About 2 years ago I detoxed my period. After finding out what is used in the production of our sanitary napkins and products, I thought to myself…”What did the ancestors use?” There just had to be a safer way that preferably didn’t involve paying the “Pink Tax”. The answer was cloth. I ran to Amazon and looked for the perfect reusable cloth sanitary napkins.
Here is the link for the ones that I chose. These were pretty great but if you are anything like me I hate doing laundry and well, these things have got to be washed EVERYDAY!
So I graduated to the Dutchess Cup. No more running to change my mommy pamper, instead I ran my butt right back to AMAZON and purchased my first menstrual cup set. Ya’ll, I do not get paid for reviews. I am writing this review because multiple women have asked how I liked the Dutchess Cup. If more than one have asked well then there have got to be more. I know that to be true because I, too, felt a bit intimidated by the cup upon first impression.
Here is my Honest Review of the Dutchess Cup
The Cost. $15.99 on Amazon.
The Idea. The idea of the menstrual cup is that after inserted the menstrual cup catches the menses until removed and discarded. Sounds odd but the menstrual cup is actually inserted into your vagina and rest in the free space amongst your reproduction organs, capturing cycled blood as it makes its departure from the female anatomy.
The Materials. While pads and tampons contain the same talc that we hear about in those medical law suit Johnson and Johnson commercials, Dutchess Cups are made of medical silicone.
The Size. The very first time I say a menstrual cup I thought it looked quite large. I was ecstatic when I received them in the mail and realized that they were much smaller than I had imagined. (I’m knowledgeable and smart about a lot of things, measurements is not one of them!) I ordered a size B (small). This is the recommended size for women who have not had children or who have not had vaginal births.
Difficulty Level. There is a slight learning curve to inserting the Dutchess Cup. I recommend wearing added protection for the first day or two of your initial cycle using the menstrual cup. With that said, the suction of the cup plus the magic of the body, the learning curve will last no more than one or two insertions trials, three at max.
Day 1. I boiled my cup and inserted as per the instructions. After inserting my Dutchess cup I did feel a bit of a cramp. However if you know anything about your body and your lady parts you know that contraction is ok, unless it persist. (Persistent cramping after insertion of the Dutchess Cup can indicate misplacement, in which you would remove the cup, wash with soap and water, and reinsert) I did wear a panty liner as an added measure of protection. That night I did sleep in one of my old cloth pads.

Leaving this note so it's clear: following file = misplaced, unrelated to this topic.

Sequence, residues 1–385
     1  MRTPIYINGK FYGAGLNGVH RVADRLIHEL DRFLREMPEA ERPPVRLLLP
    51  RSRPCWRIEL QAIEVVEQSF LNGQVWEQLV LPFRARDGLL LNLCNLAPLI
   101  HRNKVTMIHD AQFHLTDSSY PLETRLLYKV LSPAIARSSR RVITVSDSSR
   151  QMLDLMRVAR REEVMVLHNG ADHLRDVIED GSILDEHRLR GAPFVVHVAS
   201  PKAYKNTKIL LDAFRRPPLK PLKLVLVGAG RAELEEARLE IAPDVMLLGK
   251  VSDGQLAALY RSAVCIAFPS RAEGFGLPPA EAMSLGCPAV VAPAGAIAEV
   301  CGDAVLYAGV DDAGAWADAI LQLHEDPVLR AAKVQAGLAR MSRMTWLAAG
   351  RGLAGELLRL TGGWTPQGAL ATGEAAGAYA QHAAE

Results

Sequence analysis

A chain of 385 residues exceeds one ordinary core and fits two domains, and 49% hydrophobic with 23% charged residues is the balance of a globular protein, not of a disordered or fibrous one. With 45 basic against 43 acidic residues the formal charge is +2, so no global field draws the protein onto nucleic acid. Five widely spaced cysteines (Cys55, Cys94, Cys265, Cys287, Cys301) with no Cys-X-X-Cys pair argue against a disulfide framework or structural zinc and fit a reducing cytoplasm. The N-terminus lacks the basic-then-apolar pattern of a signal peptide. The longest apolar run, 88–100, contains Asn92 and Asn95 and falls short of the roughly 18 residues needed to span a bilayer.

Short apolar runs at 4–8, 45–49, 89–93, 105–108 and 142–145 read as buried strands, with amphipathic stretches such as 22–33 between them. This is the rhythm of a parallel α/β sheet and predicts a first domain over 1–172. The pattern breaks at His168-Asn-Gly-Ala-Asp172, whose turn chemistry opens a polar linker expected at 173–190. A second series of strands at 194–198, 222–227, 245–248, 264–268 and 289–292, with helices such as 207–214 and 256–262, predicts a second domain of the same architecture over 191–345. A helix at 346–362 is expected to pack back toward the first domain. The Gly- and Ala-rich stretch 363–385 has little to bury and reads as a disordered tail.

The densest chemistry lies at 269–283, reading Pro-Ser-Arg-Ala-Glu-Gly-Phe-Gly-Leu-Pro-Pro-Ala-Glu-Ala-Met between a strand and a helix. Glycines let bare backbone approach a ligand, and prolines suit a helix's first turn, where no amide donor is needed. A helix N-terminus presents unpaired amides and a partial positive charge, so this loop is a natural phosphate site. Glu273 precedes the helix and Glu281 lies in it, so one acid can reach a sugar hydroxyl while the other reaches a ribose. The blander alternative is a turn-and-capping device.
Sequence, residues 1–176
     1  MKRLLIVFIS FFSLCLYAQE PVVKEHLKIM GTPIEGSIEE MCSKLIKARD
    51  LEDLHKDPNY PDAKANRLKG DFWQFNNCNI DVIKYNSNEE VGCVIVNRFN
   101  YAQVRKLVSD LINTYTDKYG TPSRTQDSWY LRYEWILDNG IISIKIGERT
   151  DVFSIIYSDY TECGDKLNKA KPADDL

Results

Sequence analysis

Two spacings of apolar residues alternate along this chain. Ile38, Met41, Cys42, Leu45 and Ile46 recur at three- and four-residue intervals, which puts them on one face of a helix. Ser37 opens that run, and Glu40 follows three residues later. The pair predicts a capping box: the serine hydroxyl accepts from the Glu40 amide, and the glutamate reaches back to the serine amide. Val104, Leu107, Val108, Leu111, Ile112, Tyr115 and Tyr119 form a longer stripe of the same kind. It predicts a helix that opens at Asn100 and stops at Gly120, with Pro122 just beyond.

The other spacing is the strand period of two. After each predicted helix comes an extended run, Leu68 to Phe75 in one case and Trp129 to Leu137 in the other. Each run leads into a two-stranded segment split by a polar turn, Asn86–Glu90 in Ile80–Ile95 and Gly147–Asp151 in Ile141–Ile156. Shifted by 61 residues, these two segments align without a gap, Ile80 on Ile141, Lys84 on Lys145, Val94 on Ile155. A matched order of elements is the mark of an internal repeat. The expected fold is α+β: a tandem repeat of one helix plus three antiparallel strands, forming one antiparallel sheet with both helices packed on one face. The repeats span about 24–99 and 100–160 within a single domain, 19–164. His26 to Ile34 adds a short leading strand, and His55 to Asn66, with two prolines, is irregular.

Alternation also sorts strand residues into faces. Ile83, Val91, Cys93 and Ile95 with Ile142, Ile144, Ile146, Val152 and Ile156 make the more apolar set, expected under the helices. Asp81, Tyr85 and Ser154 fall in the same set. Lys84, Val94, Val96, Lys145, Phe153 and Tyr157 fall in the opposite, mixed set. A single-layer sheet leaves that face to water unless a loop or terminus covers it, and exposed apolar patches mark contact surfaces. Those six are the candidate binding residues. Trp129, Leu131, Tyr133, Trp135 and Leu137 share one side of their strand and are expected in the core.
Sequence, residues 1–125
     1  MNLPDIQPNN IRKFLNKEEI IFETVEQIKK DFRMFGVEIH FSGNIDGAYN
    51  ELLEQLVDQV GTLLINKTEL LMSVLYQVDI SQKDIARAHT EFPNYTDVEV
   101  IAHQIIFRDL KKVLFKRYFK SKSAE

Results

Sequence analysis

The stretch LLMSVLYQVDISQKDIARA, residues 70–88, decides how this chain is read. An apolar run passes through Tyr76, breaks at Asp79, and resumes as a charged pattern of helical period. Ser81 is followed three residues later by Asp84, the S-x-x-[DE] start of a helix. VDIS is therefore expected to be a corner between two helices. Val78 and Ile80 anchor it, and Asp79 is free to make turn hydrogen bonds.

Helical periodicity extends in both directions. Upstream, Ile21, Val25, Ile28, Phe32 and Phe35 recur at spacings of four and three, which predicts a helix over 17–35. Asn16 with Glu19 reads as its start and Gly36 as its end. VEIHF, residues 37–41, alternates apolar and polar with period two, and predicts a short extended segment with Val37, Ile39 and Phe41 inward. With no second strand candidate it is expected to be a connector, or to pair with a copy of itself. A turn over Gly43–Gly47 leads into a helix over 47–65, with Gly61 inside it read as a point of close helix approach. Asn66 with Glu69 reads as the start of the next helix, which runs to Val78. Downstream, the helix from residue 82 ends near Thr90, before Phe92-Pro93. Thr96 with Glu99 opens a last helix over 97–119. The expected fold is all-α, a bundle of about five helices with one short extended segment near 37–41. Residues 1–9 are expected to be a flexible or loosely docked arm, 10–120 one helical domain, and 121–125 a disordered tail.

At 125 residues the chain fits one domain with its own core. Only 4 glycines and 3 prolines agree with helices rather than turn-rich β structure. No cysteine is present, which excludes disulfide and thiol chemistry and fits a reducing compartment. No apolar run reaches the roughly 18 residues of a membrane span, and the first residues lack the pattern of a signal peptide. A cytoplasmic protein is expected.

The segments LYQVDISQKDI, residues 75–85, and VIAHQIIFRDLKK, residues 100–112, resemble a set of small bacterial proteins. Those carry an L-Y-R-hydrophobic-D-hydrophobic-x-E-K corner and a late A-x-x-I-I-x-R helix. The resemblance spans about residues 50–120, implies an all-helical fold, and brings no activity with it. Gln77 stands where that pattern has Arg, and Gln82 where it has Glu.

Day 2. Generally the worst day of my cycle, this day was no exception. I did notice that my cramps weren’t as bad as normal although they were still present. At the end of day two I opted to sleep with my Dutchess Cup in as well as a cloth sanitary napkin.
Day 3. I woke up feeling great. I was so confident in my cup and my insertion method that I wore white while on my period! I even bossed up to sleeping with just my cup at the end of day three.
Day 4. The last day of my cycle went well as predicted.
- I loved that, depending on my flow of course, I didn’t have to “empty my cup” for hours. The cups hold up to 15 mL, which if you can image the average woman releases about 50 mL per month, which equals up to averaging around 10 mL per day for a five day cycle. Day two of my cycle was the day that I had to empty my cup the most.
- Every woman knows that uncomfortable feeling she gets when she coughs, sneezes, or laughs to hard while on her moon cycle. It is kind of hard to embrace the beauty of it all when you have the not so friendly fluids gushing sporadically out of your lady parts. With the Dutchess Cup and its placement technology, this is an issue of the past. Thank God and whoever came up with these designs for that!
- I can continue going commando with the Dutchess Cup.
- Removal of the menstrual cup can be a little messy if you are not careful.
- Changing of cup in public scenarios is difficult.
All in all I love my Dutchess Cup. I recommend it to any woman who would like to detox her period but doesn’t like the smell of old blood nor the thought of daily laundry.
Peace, Love, and Eternal Light